woman's cheek the moment before she blushes. To say nothing of anything
more complicated or abstract.
The related question~whether language can adequately express any truth
whatever, however modest~for example, what time it is~is still left
dangling, like a fish hook without a weight in cold and cloudy water.
And the writer remains with his dilemma: should he aim for truthfulness
or effectiveness, honesty or manipulation, integrity or seduction~and
how much of each should he blend in his work, if it's possible to
combine them; and what should he do if he finds that each corrupts
and nullifies the other? Choose between them and thereby lose either
integrity or communication? Abandon the whole thing as a bad job and
retreat into a Trappist silence, or do something useful and honest
like plumbing? Or let the problem burn, even as you once again fail
to solve it, buckle down and blemish one more page with
the signs of your latest defeat.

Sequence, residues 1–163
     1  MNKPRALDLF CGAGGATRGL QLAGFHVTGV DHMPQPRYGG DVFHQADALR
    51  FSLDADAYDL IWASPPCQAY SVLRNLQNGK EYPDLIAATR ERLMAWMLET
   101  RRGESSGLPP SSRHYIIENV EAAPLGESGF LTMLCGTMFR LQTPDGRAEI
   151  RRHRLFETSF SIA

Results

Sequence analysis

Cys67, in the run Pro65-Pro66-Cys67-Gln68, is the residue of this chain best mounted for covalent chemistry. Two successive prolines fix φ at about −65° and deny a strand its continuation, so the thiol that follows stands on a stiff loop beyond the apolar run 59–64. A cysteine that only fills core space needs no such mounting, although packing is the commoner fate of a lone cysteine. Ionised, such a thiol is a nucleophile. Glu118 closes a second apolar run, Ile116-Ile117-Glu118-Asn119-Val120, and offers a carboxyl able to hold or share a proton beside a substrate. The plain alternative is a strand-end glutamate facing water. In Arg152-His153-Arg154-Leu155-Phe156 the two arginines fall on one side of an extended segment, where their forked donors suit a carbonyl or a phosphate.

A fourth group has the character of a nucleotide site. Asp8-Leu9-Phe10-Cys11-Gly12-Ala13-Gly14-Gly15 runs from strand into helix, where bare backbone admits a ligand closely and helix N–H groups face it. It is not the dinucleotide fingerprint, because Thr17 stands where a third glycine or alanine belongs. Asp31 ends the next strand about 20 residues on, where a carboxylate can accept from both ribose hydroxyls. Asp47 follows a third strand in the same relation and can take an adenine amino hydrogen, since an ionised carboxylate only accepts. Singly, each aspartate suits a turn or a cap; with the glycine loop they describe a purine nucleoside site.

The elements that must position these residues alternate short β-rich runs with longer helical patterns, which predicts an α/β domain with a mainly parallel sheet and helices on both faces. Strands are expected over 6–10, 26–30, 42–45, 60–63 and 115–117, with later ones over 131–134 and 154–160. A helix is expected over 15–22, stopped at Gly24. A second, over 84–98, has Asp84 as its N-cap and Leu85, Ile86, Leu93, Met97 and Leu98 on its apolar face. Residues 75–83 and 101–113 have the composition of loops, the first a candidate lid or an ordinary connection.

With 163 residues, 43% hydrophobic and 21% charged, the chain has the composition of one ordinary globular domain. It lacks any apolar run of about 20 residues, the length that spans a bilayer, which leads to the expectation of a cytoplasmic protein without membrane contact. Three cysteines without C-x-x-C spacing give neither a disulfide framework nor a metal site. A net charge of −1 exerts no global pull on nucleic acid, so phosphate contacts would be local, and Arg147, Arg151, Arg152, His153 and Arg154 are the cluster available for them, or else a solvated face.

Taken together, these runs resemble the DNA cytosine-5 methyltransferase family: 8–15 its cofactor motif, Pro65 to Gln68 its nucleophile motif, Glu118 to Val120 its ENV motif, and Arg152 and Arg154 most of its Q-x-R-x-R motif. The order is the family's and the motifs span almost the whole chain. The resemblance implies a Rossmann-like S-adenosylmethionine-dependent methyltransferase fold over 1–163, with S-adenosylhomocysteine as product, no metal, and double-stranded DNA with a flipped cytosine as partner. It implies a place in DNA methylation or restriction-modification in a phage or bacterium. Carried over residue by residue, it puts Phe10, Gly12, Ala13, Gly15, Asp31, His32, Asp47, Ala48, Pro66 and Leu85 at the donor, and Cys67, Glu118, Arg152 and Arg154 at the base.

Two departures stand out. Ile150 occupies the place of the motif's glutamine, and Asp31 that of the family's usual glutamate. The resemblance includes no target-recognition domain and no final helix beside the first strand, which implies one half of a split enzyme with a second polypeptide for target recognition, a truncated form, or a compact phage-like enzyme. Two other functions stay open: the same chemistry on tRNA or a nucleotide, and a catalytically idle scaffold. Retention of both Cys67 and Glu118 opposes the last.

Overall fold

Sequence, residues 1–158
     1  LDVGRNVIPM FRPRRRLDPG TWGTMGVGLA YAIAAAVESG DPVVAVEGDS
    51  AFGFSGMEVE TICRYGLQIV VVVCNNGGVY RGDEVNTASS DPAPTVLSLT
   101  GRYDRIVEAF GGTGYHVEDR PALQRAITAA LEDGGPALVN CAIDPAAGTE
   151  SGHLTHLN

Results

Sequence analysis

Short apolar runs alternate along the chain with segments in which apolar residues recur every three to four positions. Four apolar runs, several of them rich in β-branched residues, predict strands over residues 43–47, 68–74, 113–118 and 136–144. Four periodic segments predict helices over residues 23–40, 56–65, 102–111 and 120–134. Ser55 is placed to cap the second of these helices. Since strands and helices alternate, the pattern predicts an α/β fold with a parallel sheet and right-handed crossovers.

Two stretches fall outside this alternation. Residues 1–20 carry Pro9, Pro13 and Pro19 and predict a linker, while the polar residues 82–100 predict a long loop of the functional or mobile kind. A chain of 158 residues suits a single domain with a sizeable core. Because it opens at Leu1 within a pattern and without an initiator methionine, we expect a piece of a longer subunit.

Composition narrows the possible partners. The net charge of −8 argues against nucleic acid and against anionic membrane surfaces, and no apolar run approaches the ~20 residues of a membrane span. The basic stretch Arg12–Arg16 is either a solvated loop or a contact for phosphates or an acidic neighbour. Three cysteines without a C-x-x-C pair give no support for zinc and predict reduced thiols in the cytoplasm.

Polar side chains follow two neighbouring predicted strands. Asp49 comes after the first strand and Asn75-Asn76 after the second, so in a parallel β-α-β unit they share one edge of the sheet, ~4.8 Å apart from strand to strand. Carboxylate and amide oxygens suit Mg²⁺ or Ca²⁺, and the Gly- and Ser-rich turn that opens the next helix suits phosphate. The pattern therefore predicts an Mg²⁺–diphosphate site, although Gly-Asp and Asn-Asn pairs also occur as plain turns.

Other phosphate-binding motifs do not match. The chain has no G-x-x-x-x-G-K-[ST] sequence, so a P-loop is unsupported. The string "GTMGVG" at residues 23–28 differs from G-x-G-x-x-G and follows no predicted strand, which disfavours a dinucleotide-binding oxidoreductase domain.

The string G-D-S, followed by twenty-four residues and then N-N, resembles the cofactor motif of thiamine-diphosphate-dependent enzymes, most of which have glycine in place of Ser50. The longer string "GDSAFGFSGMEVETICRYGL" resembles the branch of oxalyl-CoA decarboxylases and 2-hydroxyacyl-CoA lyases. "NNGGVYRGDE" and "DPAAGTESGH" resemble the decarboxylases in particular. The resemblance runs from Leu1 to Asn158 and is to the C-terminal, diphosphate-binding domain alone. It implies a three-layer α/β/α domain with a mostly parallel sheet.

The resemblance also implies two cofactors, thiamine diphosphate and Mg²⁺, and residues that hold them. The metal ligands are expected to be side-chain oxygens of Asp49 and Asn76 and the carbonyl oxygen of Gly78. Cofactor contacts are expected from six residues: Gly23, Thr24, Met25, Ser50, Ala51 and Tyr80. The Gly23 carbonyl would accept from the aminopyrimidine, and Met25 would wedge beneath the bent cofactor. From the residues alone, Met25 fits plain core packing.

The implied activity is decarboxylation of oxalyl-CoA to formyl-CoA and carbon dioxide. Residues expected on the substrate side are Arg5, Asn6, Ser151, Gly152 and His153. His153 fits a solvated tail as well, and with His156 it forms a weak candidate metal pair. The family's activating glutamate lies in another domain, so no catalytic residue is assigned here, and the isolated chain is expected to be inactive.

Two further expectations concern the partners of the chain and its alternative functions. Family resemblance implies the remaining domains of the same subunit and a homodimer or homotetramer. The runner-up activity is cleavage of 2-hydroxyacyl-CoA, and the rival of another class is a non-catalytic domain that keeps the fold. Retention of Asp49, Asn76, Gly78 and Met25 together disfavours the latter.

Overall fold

A brief historical detour: Reading Paul Johnson's illuminating
if sometimes dyspeptic history of the twentieth century has led me
conclude something I have often keenly felt: that much of the last
century was indeed ruled by a kind of (to borrow one of Johnson's
favorite terms of opprobrium) murderous frivolousness. The tenor of
much of that time was a moral insanity reinforced, not by the moral
relativism Johnson repeatedly condemns, but by a belief in moral absolutes,
in particular the absolutes of power, the supposed imperatives of
history, survival, success, and a belief that any means are justified
to attain them. The frivolousness appeared largely in the aesthetics
of moral justification used to make palatable the horrors of the means:
a cynical nod to virtue by a sometimes overwhelming evil.